Totally! Embodiment is a condition for bringing awareness into consciousness. Incidentally, RoseLee Goldberg says artists return to performance art when they become frustrated with other mediums. When painting or photography doesn’t work, they use their bodies to answer internal questions. The same principle goes with activism. It’s shamanic.
It’s going back to that idea of informing or knowing the body and its function through doing. Through activating our primal nature, performance is a primal activity.
Yeah! The primal worldview participates with everything. Public art and activism illustrate this perspective; their rituals permeate barriers.
The level of participation, activism, and social justice movements occurring now is critically important to the art that being produced today. I’m thinking about the essay where you referenced Marshall McLuhan’s point about marching back into the future—just that idea that we have our whole future ahead of us and generations behind us are looking to the future generations to find solutions to so many vital issues, and art is one vehicle in this shamanistic ritual.
When streams of past/future meet in the present, the collective mind shifts. You mentioned dual realities; art integrates them. To quote McLuhan again, “the medium is the message,” so this resurgence in active participation is significant. You provide a platform for these messages at USFCAM, thereby making fissures in the boundaries between oppressive spaces and liberated ones. As does the collective you participate in, Cunsthaus.
I like to think I am exploring ways to work transcend boundaries. We just celebrated our first year at Cunsthaus, a space adjacent to Tempus Projects in Tampa. Modeled after the German Kunsthaus, the members are artists, art historians, curators, and cultural producers who are united through the mission of offering a diverse range of cultural programs through a collaborative and feminist curatorial perspective.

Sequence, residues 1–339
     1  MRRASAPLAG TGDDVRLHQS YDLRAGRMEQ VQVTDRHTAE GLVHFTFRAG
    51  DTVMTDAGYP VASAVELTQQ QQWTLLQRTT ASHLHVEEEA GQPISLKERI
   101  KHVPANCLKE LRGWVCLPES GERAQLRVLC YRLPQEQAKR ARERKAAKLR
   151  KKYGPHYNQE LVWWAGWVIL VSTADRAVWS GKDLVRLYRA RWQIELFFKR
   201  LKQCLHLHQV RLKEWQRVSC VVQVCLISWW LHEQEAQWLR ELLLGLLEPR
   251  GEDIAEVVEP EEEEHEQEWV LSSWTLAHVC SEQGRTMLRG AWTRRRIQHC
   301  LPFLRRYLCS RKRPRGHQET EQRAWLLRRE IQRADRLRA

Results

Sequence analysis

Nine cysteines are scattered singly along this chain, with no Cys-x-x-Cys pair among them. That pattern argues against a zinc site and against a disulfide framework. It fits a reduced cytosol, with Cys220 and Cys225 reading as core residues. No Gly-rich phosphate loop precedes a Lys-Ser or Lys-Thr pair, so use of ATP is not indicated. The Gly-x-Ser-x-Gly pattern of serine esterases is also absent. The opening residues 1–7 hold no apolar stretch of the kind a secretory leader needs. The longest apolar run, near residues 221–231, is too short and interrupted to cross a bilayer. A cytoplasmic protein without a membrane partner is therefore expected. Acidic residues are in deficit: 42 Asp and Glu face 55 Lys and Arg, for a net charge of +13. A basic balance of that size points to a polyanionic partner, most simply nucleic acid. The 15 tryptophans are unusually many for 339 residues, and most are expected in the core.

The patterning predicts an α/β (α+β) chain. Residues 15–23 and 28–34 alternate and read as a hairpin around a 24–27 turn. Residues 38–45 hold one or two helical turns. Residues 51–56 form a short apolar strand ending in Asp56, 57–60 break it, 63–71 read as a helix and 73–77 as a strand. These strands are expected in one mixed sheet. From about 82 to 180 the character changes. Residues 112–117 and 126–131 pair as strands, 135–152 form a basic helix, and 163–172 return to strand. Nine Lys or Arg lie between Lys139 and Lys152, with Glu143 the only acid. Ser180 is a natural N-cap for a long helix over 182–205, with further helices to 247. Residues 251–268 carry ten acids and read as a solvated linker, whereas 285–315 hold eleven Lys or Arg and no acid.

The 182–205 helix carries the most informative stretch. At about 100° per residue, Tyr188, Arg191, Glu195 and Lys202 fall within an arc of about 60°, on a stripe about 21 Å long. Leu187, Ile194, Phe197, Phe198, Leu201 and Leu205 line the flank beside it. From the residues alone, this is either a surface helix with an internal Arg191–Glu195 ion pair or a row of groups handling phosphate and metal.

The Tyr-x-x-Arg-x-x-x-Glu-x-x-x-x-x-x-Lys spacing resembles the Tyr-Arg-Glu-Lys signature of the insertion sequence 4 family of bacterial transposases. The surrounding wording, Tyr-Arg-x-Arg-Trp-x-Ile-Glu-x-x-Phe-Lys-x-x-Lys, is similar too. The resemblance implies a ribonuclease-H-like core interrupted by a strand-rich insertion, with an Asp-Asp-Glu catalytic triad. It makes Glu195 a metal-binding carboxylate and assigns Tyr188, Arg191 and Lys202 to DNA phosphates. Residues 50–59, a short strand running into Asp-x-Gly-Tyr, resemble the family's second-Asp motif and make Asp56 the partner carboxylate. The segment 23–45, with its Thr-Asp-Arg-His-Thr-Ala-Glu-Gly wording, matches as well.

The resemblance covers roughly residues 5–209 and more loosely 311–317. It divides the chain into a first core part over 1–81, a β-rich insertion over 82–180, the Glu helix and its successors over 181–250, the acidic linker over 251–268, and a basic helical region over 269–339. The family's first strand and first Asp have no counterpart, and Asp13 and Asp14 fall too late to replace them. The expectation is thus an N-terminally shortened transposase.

You’re navigating liminal spaces, like bees! Curation functions like ether wherein all natural elements exist.
It’s almost like the amalgamation of the senses.
Yeah, cooking in an alchemical vessel.
So, thinking about cooking things up, I’m excited you will be presenting a participatory-based performance at Cunsthaus this summer. Can you talk about the project and what issues you are addressing through the work?
Thanks, I’m grateful for Cunsthaus. The performance, 100 pitchers (ofHoney), is inspired by a poem, deals with a fatal epidemic experienced through bee populations, and provides a communal initiation through remembering their importance to the ecosystem.
So the performance encourages audience participation in the ritual itself? Informing knowledge through the act of experience?
Absolutely, it’s a modern cult ritual in becoming bee-conscious. Honey is the lens we’ll use, not unlike your glasses!